And no, “the horizon is not straight.”
And yeah, I know how to fix it.
I hate ’em rules.
The Shyok river snakes through the Nubra Valley near the town of Khardung in Ladakh.
On the way from Shillong to Mawlynnong aka “the cleanest village in Asia” as its known in tourist parlance, we made a longish detour through the settlement of Dawki. It lies on the Indian side of the Indo-Bangladesh border crossing on the southern edge of Meghalaya but the reason a lot of us casual tourists come here is not to enter Bangladesh but to float in the clear waters of the Umgnot river on the fishing boats idling on the riverbanks. I had been to Dawki back in 2010 and while the place has been well and truly discovered now, it was still pretty quiet with just a handful of tourists for company.
On my previous trip, I had two sunny days to enjoy the setting and the crystal clear waters all the way to the hamlet of Shnongpdeng which is a handy base to explore this area with a few homestays offering basic food and accommodation. This time around, it was cloudy and rainy and while the lack of sunlight meant you couldn’t see all the way to the bottom of the river-bed, it was still beautiful to be on the river.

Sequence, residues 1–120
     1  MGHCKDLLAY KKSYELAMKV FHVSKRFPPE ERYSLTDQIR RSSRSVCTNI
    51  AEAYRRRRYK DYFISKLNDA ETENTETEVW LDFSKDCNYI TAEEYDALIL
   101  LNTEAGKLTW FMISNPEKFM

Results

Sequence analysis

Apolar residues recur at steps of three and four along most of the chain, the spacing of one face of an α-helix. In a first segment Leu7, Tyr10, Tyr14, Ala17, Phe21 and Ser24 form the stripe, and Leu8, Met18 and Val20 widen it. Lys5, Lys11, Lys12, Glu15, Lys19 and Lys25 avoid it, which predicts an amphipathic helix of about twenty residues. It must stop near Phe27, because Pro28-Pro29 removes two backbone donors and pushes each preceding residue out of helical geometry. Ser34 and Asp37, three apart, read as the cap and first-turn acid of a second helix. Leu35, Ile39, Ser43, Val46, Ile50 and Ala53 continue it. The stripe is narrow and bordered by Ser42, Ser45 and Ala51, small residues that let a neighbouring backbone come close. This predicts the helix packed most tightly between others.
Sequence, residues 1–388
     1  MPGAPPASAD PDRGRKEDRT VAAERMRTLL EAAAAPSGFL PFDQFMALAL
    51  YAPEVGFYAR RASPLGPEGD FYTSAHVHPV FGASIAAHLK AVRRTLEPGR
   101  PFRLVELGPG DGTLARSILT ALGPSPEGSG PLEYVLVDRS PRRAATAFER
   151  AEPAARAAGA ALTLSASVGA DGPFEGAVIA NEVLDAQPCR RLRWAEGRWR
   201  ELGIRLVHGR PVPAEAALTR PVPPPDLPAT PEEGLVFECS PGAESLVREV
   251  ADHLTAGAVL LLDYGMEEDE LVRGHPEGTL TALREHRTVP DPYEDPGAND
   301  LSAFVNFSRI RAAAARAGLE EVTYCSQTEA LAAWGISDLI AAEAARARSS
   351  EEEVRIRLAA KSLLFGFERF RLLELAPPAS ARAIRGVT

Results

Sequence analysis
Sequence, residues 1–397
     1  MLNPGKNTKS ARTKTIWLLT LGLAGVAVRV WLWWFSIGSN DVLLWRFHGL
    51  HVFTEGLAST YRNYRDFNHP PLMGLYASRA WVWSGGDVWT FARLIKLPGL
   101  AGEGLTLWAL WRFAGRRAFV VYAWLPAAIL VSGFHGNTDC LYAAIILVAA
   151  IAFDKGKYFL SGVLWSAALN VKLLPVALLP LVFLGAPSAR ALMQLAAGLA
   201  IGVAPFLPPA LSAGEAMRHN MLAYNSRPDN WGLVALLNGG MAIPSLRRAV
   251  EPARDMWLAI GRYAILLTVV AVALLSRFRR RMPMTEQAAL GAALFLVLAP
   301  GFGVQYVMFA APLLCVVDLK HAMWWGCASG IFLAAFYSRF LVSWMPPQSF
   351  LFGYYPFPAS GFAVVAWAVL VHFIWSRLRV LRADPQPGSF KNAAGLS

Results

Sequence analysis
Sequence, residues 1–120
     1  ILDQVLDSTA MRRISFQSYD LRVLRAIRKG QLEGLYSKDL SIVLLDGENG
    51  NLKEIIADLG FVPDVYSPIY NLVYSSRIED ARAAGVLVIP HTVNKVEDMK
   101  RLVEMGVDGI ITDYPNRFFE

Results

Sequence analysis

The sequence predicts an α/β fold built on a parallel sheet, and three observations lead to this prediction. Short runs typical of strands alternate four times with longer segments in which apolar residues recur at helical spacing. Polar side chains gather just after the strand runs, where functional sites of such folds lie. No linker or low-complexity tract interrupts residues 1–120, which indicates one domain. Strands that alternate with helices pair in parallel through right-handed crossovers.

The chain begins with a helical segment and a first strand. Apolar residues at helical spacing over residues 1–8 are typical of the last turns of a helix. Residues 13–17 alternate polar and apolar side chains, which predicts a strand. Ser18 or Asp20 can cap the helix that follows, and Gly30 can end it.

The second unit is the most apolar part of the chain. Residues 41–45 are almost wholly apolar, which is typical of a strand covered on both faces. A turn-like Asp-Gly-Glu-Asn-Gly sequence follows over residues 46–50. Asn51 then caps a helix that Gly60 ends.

In a way, I liked the fact that I got to see the place in different conditions than before even if it meant getting my clothes and the camera drenched. My lenses went all misty on me for the shot below but I quite like this foggy, grainy image of the fishermen in Dawki working in the drizzle on the turquoise waters of the Umgnot river.
There have been proposals since time immemorial to demolish the 86 year old suspension bridge that you see in the shot below to build a new, sturdy one that could support the coal economy of the region more efficiently. Call it bureaucratic lethargy or lack of political will but they haven’t been able to get it done yet. So for now, people like myself who like their architecture more old-fashioned and aesthetically pleasing can still gawk at the old structure that connects the Khasi and Jaintia Hills and provides overland access to Bangladesh.
The boat rides on the Dawki river take you to a wide sand-bank where, if it weren’t for the rainy weather, I could imagine myself sitting for hours on end reading a book and staring at the misty mountains beyond. I looked wistfully at a couple of guys setting tents on the sand and wished I had come here with more time on hand. It is as tranquil a setting as one could imagine.